Flying thousands of feet in the air, with vision that can see for miles… these flying raptors are truly savage killers.
But when it comes to mountain goats, these eagles will dig their talons into the back, and with that insane grip strength, drag the mountain goat off a cliff and let gravity do the rest.
Even if they can just do enough to make the goat lose its footing, at that height… it’s game over.
It’s genius and efficient.
Deer Hunting With Eagles
I see your rifle hunt, I see your bow hunt, and I raise you…
Hunting deer with an eagle.
I’ll be the first to admit, I’ve never seen anything like this before.
We all know about running dogs while hunting feral hogs (or bears for the folks that do that), but never in my life have I seen an eagle, one of the world’s most pristine birds, be used for deer hunting.
A video has gone viral of a hunter releasing an eagle, as the deer sprints off in the other direction.
Sure enough, the eagle tracks down the deer, taking down its prey, and that’s ballgame.
This type of hunting is practiced in parts of Europe, particularly in Hungary, as well as Kazakhstan, Kyrgyzstan, and Mongolia.
A few videos have surfaced over the years of this practice, but have been few and far between.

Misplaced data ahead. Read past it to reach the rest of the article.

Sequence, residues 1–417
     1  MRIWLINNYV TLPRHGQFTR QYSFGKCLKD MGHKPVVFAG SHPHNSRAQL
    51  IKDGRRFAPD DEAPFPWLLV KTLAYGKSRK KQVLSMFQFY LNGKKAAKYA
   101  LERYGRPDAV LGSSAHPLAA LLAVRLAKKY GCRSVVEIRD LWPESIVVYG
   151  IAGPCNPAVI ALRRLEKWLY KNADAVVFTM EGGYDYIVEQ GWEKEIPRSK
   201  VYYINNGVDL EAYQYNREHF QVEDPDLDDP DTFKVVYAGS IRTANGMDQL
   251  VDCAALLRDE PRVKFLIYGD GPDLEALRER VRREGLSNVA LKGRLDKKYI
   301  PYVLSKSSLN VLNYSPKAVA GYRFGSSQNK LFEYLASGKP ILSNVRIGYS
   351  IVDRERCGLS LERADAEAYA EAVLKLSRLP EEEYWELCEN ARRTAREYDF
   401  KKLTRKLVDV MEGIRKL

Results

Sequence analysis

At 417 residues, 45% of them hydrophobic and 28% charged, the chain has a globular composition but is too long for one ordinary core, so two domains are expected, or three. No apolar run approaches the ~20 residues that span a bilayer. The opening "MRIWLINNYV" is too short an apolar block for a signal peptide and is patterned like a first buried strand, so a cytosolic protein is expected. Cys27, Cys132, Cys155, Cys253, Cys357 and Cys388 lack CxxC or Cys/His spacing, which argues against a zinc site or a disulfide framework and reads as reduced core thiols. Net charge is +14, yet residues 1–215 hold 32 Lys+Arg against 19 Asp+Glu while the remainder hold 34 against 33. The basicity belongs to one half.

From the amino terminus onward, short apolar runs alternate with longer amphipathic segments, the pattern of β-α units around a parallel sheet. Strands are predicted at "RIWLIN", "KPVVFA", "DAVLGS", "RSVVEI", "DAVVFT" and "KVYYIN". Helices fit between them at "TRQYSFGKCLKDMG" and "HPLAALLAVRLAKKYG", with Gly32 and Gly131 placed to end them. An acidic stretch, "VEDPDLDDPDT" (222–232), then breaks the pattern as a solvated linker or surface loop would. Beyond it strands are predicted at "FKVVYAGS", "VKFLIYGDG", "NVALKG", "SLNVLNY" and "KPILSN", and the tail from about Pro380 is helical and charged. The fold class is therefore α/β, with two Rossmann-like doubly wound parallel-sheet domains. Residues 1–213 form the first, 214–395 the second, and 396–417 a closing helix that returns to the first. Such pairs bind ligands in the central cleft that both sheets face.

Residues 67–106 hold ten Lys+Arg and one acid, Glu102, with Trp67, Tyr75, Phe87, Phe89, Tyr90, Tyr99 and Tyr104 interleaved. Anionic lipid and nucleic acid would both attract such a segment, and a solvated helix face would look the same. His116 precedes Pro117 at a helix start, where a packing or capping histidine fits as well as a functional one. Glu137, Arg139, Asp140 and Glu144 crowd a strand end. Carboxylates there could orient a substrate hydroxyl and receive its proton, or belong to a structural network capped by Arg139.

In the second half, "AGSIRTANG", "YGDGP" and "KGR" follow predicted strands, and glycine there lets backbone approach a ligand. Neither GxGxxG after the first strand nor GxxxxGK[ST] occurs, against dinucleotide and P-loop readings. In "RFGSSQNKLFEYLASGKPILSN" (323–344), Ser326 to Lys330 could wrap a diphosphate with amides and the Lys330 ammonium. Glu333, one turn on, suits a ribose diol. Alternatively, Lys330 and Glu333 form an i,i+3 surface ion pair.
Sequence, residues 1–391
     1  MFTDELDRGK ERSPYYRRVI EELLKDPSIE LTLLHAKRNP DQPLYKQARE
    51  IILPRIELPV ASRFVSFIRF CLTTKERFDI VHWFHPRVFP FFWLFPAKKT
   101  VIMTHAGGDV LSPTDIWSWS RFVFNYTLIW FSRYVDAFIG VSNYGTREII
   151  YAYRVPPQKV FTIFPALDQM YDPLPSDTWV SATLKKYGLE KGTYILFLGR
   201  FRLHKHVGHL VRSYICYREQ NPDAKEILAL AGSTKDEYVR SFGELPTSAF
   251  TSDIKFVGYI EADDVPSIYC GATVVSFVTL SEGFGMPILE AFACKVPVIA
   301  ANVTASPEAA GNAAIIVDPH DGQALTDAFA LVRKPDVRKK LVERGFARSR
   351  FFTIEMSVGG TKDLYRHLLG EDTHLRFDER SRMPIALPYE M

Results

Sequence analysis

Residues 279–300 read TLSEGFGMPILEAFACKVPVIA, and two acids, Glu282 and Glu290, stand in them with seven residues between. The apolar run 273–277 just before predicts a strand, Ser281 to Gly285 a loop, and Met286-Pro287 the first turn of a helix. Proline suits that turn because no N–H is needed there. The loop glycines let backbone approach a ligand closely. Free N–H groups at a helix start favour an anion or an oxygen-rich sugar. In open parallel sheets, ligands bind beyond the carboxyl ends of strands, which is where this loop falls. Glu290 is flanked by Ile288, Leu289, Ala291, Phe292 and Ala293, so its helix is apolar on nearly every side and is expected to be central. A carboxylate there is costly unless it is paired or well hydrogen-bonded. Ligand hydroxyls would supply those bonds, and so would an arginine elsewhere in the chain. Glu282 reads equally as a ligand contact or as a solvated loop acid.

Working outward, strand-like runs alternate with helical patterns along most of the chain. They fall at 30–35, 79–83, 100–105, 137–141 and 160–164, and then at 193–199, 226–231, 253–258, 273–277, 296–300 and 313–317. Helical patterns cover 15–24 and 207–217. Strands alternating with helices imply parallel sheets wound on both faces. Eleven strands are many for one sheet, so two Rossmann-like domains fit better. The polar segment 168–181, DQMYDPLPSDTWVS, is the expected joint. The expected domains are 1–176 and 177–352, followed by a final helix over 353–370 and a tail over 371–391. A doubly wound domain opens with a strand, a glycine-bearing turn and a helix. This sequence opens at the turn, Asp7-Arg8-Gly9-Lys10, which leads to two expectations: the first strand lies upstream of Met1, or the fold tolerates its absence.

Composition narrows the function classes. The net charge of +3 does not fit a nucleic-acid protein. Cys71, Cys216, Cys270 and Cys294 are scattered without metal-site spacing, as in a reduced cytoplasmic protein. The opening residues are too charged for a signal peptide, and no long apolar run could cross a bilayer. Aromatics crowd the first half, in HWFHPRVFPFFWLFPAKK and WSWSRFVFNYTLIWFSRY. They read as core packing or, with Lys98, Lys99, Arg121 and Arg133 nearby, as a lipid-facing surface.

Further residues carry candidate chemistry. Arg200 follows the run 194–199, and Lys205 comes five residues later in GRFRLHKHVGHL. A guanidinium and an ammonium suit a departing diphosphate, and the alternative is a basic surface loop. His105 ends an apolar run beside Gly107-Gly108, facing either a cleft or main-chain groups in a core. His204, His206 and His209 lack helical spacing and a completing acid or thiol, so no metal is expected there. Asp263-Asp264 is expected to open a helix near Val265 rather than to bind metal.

Golden Eagle Makes Flying Off With A Fox Look Way Too Easy
A simple but awe inspiring video.
Golden eagles just might be the most badass bird on the planet. Even larger than bald eagles, they’re the largest bird of prey in North America and one of the biggest on the planet.
Golden eagles are such strong predators that videos of the birds snatching children, hunting wild boars, and dragging goats off cliffs have all generated buzz online.
Earlier this spring, the state of Wyoming even recently approved plans to relocate a group of the birds that have been eating sheep on ranches.
Despite being voracious hunters, golden eagles are also fantastic parents.
Mother and father birds both take turns defending the nest, incubating the eggs, hunting for food, and feeding the chicks. Golden eagles also build some of the biggest nests in the bird world, often times 5-6 feet wide and 2 feet tall.